Renting Out a Property - Guide for First Time Landlords

Thursday 31 March 2022 Landlords

Estate Agent handing over keys to client

Renting Out a Property – Guide for First Time Landlords

People explore the buy-to-let market for a range of reasons, the most common being to make profitable revenue. While investing in property is a popular way to generate a passive source of income and enable financial freedom, with the many rules and regulations involved, it can be daunting too.

In our guide for first time landlords, we break down the key considerations for anyone thinking of renting out a property for the first time.

So, whether you've found yourself an accidental landlord, or have aspirations of building a buy-to-let portfolio, the following tips and advice can help you manage your property successfully.

Understanding Your Legal Obligations

As a landlord, you have many legal obligations to ensure the safety of your tenants:

Fire Safety

  • A smoke alarm must be installed on each floor of the property and all alarms should be in good working order at the start date of each new tenancy.
  • A carbon monoxide alarm must be provided in any room with a solid fuel burning appliance such as a coal fire or wood stove.
  • All furniture should meet fire safety standards and should display the appropriate labels.

Gas and Electrical Safety

All gas and electrical equipment should be safely installed and maintained by a Gas Safe registered engineer. It is also recommended that all appliances are checked annually via Portable Appliance Testing (PAT) to ensure you are meeting your legal safety obligations.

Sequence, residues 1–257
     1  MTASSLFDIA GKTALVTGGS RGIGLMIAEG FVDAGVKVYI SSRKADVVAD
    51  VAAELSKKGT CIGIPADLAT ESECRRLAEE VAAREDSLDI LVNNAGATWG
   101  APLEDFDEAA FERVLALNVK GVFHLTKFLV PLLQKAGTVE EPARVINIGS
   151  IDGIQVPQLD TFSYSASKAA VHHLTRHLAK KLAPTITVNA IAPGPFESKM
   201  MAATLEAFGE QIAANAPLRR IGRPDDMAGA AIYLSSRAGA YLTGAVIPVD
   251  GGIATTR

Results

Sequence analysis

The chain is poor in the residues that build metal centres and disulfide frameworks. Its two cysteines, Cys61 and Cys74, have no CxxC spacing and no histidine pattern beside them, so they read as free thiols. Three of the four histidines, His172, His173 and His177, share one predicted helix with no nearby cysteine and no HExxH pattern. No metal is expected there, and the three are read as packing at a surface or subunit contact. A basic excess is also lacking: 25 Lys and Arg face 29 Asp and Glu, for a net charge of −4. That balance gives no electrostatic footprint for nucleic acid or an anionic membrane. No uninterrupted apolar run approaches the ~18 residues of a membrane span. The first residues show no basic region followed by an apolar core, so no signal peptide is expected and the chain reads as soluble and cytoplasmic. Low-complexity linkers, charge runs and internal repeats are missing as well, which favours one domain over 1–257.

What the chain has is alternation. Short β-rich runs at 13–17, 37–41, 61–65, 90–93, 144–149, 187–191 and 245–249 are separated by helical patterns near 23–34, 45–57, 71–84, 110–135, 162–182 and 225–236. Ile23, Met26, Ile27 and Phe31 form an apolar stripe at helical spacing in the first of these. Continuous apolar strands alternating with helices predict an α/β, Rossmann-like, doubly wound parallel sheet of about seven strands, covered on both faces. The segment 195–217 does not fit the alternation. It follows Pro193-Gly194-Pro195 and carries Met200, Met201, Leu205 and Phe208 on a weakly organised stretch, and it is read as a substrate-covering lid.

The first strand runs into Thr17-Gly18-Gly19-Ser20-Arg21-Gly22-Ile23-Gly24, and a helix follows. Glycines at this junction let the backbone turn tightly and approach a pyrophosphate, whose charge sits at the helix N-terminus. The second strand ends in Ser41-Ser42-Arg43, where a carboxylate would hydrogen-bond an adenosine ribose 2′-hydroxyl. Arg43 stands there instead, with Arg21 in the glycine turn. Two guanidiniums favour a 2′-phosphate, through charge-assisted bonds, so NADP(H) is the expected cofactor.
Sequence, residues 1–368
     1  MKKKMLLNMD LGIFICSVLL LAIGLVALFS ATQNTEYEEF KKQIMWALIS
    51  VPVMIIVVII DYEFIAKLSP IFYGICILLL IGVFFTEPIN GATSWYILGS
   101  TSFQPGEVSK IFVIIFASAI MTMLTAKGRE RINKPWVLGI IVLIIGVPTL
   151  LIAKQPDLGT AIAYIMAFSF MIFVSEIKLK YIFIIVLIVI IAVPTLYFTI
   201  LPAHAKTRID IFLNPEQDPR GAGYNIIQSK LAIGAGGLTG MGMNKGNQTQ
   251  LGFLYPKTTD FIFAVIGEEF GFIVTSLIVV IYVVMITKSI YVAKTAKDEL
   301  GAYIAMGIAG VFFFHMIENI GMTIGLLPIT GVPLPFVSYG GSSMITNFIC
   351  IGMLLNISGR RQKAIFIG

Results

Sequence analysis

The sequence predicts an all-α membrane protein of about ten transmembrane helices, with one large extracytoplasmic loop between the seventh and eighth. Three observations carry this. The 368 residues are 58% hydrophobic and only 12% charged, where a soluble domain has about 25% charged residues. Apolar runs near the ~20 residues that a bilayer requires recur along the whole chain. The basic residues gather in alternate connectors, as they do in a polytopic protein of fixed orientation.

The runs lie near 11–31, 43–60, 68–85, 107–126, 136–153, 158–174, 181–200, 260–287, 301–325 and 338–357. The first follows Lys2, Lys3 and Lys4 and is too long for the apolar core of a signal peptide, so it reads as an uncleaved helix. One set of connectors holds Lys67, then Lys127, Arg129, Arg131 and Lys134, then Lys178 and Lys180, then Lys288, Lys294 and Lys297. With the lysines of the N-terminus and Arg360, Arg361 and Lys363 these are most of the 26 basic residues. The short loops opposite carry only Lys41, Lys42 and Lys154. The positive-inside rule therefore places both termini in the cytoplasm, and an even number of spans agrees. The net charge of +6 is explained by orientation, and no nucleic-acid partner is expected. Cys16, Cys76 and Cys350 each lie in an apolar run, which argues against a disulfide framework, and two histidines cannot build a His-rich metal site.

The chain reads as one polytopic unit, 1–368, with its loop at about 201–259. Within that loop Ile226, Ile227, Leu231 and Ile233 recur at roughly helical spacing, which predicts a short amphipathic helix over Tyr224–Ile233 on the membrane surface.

By law, landlords must also get a Gas Safety certificate every year and ensure a copy of this is provided to new and existing tenants within 28 days of the check.

Energy Performance Certificates

An Energy Performance Certificate (EPC) gives the property an energy efficiency rating from A (most efficient) to G (least efficient) and is valid for 10 years.

It is a legal requirement to have a valid EPC for a property when marketing it for lettings, and from April 1st, 2018, any property which does not have a minimum rating of E on its EPC, will be unfit for rental accommodation.

Any rented property which breaches this requirement could find its owner facing fines of up to £4,000.

Right to Rent

As well as abiding by a range of health and safety obligations, landlords are also responsible for checking that their tenants are legally allowed to reside in the UK. Failure to carry out these checks could result in an unlimited fine and up to 5 years in prison.

Landlords must also provide their tenants with a copy of the Government's How to Rent Guide, which gives practical advice about renting in England.

Protecting Your Tenant's Deposit